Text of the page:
Join Date: Nov 2004
Location: PA/MD/DE tristate area
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- Twice a day, WFIII initiates, opening its master valve and beginning the watermaking wonderment.
- With our new "bride," RO-DKstyle, we now have a pressurized well tank full of cleaned water goodness. The pressurized tank feeds WFIII for the infusion cycle.
- This is precisely timed and measured, such that at the last 10% of the cycle, the well tank is drawn down enough to trigger the pressure switch on our bride.
- The pressure switch is spliced into our master power supply that controls the entire RO system. The master power supply is 24 vac.
- Once the pressure drops enough in our well tank and the pressure switch is triggered, it closes the circuit to our master power supply, enabling the power supply to put out power to the system.
- When the power supply puts out power to the system, that power triggers some relays.
- One relay closes a circuit that enables powering of a 120 VAC power bank of outlets. This initiates powering anything that is plugged into those outlets, at the SAME time that our master power supply powers up.
- The master power supply feeds into the pressure booster pump, powering it.
- The relay 120 VAC bank powers two solenoid valves.
- Valve one is the master water feed valve to the system. It is configured such that it is open exactly the same time the pump is operational, and closes exactly as the pump stops. This is important because our pump has a bypass circuit that enables water to flow past it even if the pump is not powered. This would cause low pressure leaking all the time the pump is not powered, wasting a lot of water. So we only allow water to the pump when the pump is powered.
- The second valve is tied into a SECOND relay, the Macromatic. The Macromatic is an interval timing relay. The Macromatic is powered by the 120 VAC bank. So when the master power supply turns on, and turns the pressure booster pump on and opens the master water feed valve, the Macromatic is also powered at the same time.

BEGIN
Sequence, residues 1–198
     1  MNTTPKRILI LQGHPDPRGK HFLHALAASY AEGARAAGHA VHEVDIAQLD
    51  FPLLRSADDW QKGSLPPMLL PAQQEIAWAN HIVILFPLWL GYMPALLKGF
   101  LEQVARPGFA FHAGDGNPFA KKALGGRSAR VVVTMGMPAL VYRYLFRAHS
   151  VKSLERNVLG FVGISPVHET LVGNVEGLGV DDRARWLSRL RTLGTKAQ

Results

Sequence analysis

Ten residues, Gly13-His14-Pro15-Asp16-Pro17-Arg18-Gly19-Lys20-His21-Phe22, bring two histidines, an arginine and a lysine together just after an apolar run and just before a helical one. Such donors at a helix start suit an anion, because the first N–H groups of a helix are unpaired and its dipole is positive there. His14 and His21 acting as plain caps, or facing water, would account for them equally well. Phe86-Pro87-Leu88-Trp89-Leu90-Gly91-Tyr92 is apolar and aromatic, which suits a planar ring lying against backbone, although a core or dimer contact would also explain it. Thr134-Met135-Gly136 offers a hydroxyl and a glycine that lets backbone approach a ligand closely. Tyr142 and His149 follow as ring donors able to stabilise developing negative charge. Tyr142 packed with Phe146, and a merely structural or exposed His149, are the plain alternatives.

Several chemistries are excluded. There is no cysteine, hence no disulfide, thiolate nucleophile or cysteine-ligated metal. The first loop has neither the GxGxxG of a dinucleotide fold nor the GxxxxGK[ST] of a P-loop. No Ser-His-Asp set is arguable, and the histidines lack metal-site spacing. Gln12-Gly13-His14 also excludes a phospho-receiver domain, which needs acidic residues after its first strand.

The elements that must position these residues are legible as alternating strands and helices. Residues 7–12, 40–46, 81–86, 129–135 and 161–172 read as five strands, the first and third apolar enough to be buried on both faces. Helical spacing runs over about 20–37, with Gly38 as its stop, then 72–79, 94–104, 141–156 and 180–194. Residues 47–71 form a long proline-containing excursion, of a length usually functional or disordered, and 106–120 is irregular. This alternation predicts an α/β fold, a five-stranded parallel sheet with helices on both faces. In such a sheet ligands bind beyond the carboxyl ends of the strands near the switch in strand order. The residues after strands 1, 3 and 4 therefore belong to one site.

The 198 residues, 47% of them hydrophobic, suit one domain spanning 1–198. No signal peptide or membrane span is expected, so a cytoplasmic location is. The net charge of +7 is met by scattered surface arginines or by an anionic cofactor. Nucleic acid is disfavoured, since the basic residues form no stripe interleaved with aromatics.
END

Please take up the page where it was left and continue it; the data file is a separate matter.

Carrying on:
- The Macromatic is tied into the second solenoid valve, which is plumbed into a flush bypass loop for the RO membranes. The Macromatic is fully adjustable for time, so DK can assign it any time she wants.
- When the Macromatic is powered, it starts its time interval. During its time interval, it powers the second solenoid valve, which opens it for that interval.
- After the prescribed time interval, the Macromatic closes the second solenoid valve.
- So, EACH time the RO system is activated, DK's RO membranes get a high pressure high flow power washing before they start their work. DK can control the length of time of this power washing by the twist of a shiny knob and the flip of a few switches on the Macromatic. She likes that, muchly.
- After the second (flush) solenoid closes, the water is then re-channeled to cross the RO membranes.
- The system then runs, producing product RO water, filling the well tank, building more pressure in the tank as it gets more full, until the pressure switch reads the end pressure and tells the master power supply to shut down.
- When the master power supply shuts down, it shuts down the pressure booster pump, the master water valve, and the Macromatic. The system is now quiescent and tight as a drum.
- The system is now re-set for the next draw-down, to be triggered again next time the pressure switch reads the lower threshold pressure.
- Fully automated, gotta love it.